No woman should die giving life. Our specialized, portable Solar Suitcases bring electricity to obstetric facilities in low-income countries that lack nighttime lighting, because we believe every woman has the right to deliver safely in a well-lit health center. In the past 13 years, we’ve deployed 8,400 systems to these health facilities, improving obstetric care for millions and saving lives.
The problem I’m trying to solve
Medical facilities in sub-Saharan Africa not only lack advanced equipment — half of them don’t have reliable electricity. This energy poverty means there may be no lights to perform nighttime obstetric care like emergency cesarean sections, no refrigeration to store blood for transfusions, and no power for electronic medical devices. Complications from pregnancy and childbirth kill 300,000 women across the world each year. In sub-Saharan Africa, there are 390 maternal deaths for every 100,000 live births, compared to 33 in the U.S. Lack of electricity is one factor behind these dismal statistics. Some facilities resort to candlelight or kerosene lanterns, which throw so little light it’s hard to even insert an IV. Others own generators but lack the fuel that powers them. Many resort to turning away pregnant women who arrive after dark.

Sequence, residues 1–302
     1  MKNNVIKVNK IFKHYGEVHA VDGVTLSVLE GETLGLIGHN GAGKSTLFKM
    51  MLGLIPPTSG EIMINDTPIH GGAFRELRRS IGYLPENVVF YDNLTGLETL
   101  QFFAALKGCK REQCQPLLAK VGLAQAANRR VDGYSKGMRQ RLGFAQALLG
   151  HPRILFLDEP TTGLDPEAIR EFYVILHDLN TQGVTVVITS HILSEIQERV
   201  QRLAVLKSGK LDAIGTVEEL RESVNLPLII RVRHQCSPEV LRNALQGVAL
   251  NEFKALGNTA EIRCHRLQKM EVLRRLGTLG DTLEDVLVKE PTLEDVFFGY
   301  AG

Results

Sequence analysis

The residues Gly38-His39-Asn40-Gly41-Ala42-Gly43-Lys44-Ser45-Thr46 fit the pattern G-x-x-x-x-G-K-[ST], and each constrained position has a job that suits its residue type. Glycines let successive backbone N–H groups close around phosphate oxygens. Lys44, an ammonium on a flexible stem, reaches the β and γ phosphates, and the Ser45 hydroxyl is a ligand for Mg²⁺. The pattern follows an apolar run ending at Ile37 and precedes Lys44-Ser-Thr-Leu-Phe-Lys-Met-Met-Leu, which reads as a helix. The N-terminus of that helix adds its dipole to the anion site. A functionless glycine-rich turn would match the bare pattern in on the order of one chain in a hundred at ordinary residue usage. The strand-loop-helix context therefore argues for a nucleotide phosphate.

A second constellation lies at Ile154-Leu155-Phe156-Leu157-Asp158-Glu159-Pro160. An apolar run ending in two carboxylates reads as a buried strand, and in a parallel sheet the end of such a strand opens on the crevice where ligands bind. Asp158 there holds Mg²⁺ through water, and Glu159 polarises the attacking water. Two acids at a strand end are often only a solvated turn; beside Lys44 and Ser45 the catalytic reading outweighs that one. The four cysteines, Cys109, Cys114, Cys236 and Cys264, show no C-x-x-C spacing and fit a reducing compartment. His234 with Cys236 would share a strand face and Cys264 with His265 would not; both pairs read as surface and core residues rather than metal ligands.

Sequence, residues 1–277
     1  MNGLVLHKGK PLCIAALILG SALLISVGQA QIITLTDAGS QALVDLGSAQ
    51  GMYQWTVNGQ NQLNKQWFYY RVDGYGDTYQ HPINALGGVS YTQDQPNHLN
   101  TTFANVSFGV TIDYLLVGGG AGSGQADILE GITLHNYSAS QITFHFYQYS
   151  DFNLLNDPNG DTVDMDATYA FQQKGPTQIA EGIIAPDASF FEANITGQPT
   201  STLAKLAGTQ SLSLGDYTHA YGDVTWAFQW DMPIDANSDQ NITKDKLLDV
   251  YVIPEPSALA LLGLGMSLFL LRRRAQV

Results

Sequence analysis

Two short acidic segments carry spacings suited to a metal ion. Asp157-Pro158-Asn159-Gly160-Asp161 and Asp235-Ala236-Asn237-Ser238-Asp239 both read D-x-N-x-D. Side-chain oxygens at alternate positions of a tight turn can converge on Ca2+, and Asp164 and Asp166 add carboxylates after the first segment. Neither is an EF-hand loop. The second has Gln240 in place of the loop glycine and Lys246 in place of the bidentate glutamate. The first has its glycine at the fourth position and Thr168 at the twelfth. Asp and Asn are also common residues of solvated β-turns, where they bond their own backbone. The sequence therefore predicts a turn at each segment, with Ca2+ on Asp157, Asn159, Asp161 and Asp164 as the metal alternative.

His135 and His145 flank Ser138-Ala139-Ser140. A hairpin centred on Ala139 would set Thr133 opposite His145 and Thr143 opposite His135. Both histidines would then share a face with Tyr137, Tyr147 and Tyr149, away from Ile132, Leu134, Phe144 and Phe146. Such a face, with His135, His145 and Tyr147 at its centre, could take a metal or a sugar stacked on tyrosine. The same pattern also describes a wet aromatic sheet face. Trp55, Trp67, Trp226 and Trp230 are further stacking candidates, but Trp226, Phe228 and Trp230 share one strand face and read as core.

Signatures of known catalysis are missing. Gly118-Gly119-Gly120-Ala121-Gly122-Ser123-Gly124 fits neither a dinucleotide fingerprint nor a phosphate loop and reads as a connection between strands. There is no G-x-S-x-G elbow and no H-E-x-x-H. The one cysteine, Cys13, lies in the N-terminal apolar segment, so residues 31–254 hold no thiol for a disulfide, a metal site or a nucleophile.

The moment that sparked my passion
I was an OB/GYN with a thriving practice in Berkeley, California. But back pain from several severely degenerated discs sent my career to a crashing halt. After a year of rehabilitation, I began a graduate program in public health at the University of California, Berkeley. During my studies, I had the opportunity to observe obstetric care in a Nigerian state hospital. I was stunned to learn that women in northern Nigeria face a 1 in 13 lifetime risk of dying during their reproductive years from complications of pregnancy and childbirth. The hospital had sporadic power, so I watched helplessly as women and newborns failed to get lifesaving care during power outages.
I shared my experiences with my husband, Hal Aronson, an expert in renewable energy. Hal designed a solar electric system for the hospital. He also prepared a portable unit intended for demonstration, but when the healthcare workers at the hospital saw his suitcase-sized invention, they were overjoyed. They showed me the utility that a compact unit could have in medical settings. They quickly directed me to other local birthing facilities that would also benefit from this portable device. This was the inspiration for the Solar Suitcase that has now reached millions.